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In a television universe of diminishing viewership returns and greater focus on streaming, international and other revenue streams, the Big Four networks relied more on ownership this upfronts season than ever before.
As ratings and ad dollars continue to trend south, ABC, NBC, CBS and Fox aligned even closer with their studio counterparts this season. (Fox and NBC bought exclusively from 20th Century Fox and Universal Television, respectively, in a key change from last year.) Off-network sales, meanwhile, became increasingly rare as shared ownership is largely the new lay of the land in that space.
Warner Bros. Television and Sony Pictures Television felt the squeeze this season, scoring multiple series pickups but having to give up a slice of the ownership pie on nearly every one of them in the purest sign of the new reality for independent studios.
Here’s a look at how all the studios fared this season, with only a small number of pilots remaining in contention. (Tallies do not include shows picked up for summer.)
*Designates straight-to-series order
CBS Television Studios: Ten series ordered (vs. nine last year when it finished in second)
The David Stapf-led studio came into upfronts with 17 pilots in contention — with its lone outside sale — Wisdom of the Crowd (a co-production with UTV) — moving forward. But the studio rises to the top of the rankings this season after boarding four shows from outside studios as a co-producer in yet another sign of the value placed upon ownership. CBS Television Studios boarded Warner Bros. Television’s By the Book and Me, Myself and I, as well as The CW’s Life Sentence, while also working in tandem with Universal TV to develop CBS’ Jeremy Piven drama Wisdom of the Crowd.
SEAL Team (CBS)
SWAT (CBS, co-production with SPT)
Wisdom of the Crowd (CBS, co-production with UTV)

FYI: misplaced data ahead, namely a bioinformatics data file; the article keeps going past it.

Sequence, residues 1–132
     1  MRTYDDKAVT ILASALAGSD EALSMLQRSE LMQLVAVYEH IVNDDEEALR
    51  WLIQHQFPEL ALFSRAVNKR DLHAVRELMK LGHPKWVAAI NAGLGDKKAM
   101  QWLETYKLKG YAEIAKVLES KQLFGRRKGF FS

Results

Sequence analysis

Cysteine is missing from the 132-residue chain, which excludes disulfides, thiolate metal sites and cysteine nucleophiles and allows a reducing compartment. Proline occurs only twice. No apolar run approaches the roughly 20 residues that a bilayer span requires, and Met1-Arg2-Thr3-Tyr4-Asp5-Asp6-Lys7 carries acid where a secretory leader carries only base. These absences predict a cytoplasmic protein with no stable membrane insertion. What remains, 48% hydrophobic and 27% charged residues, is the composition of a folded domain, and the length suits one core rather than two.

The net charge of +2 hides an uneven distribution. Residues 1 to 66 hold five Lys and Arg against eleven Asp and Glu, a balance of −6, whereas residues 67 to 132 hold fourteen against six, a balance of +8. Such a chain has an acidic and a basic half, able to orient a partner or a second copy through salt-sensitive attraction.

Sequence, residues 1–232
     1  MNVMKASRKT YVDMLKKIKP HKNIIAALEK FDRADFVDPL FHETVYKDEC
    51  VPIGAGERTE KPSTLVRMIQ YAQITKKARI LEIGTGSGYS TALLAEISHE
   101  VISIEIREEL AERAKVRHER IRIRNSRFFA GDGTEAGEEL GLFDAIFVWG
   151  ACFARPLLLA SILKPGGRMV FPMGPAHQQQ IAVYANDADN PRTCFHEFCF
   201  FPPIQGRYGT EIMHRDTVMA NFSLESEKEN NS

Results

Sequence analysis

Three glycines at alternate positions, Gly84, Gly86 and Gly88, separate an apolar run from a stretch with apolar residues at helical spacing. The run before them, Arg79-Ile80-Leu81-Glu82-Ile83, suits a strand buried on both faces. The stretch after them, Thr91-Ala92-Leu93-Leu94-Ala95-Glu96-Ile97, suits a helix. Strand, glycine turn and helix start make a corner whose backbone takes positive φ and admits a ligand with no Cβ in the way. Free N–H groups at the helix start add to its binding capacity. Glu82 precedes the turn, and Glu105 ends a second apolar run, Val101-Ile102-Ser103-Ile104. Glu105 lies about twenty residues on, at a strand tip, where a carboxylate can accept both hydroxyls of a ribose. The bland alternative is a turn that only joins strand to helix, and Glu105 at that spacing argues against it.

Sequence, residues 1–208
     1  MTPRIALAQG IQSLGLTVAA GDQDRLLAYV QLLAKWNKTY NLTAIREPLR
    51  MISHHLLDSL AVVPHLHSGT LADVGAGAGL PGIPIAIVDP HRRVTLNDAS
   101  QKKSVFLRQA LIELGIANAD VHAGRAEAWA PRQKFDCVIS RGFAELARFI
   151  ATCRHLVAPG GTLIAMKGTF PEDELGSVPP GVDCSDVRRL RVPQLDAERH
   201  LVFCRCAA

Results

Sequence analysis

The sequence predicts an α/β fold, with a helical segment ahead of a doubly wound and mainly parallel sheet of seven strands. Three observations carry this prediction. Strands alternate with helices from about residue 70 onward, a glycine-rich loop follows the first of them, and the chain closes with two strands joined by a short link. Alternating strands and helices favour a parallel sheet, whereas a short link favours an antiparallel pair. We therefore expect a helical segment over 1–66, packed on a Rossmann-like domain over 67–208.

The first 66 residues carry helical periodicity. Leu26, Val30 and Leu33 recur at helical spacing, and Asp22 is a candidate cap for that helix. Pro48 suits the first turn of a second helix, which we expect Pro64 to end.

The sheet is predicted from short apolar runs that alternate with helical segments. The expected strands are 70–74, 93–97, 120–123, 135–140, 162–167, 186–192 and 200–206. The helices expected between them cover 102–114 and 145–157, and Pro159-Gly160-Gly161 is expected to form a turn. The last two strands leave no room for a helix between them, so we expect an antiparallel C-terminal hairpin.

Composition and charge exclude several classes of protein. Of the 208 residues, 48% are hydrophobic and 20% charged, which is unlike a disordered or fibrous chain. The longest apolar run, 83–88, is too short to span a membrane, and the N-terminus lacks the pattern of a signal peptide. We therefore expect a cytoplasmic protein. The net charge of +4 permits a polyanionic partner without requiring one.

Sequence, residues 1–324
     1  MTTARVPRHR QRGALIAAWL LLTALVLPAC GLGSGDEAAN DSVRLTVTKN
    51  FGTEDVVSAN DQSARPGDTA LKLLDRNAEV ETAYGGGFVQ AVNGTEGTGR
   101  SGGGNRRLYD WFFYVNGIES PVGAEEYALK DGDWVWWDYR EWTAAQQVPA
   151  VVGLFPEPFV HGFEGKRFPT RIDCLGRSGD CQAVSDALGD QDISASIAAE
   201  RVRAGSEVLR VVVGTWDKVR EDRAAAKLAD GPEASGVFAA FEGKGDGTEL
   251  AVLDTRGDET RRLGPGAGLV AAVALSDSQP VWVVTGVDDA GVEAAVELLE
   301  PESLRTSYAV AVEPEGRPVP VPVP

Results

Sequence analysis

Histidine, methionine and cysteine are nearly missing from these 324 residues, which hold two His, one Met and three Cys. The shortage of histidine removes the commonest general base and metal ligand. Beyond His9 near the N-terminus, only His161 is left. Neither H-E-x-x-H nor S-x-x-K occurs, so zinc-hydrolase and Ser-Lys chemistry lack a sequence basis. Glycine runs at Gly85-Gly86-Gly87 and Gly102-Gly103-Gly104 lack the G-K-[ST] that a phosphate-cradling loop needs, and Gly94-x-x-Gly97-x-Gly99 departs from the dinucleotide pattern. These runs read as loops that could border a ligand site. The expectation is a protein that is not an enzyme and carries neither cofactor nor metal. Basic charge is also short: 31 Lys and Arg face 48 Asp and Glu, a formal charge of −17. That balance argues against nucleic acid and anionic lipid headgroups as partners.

By the Book (CBS, co-production with WBTV)
Me, Myself and I (CBS, co-production with WBTV)
Life Sentence (CW, co-production with WBTV)
Valor (CW, co-production with WBTV)
Returning series: 16 (all at CBS or The CW) for a total of 26 on broadcast
CBS’ Blue Bloods, Code Black (co-production with ABC Studios), Criminal Minds (co-production with ABC Studios), Elementary, Hawaii Five-0, Madam Secretary, NCIS, NCIS: Los Angeles, NCIS: New Orleans, Scorpion, Bull, MacGyver, Man With a Plan, Superior Donuts, The CW’s Crazy Ex-Girlfriend, Jane the Virgin
Universal Television: Nine series ordered (vs. seven last year when it finished in fourth place)
New chief Pearlena Igbokwe’s studio was up two from a year ago, thanks to straight-to-series pickups for Will & Grace and anthology Law & Order True Crime. The studio converted only one of two off-network pilots to series: CBS’ Jeremy Piven drama Wisdom of the Crowd — which CBS TV Studios boarded as a co-producer. Still, that was good enough to bump UTV up from fourth to second this season. Perhaps the most interesting story to come out of the upfronts was NBC’s decision to reverse course on Timeless — with Universal Television now boarding the Sony TV drama as a co-producer.
A.P. Bio (NBC)
The Brave (NBC)
Good Girls (NBC)
Law & Order True Crime: The Menendez Murders* (NBC)
Will & Grace* (NBC)
Wisdom of the Crowd (CBS, co-production CBSTVS)
Returning series: 12 (with only one off-network) for a total of 21 series on broadcast: Fox’s Brooklyn Nine-Nine; NBC’s Chicago Fire, Chicago Med, Chicago PD, Law & Order: SVU, Shades of Blue, Superstore, The Good Place, Great News, Timeless and Taken (Marlon, Midnight Texas and bubble Chicago Justice are awaiting renewal.)
ABC Studios: Eight (even with last year when it tied for third)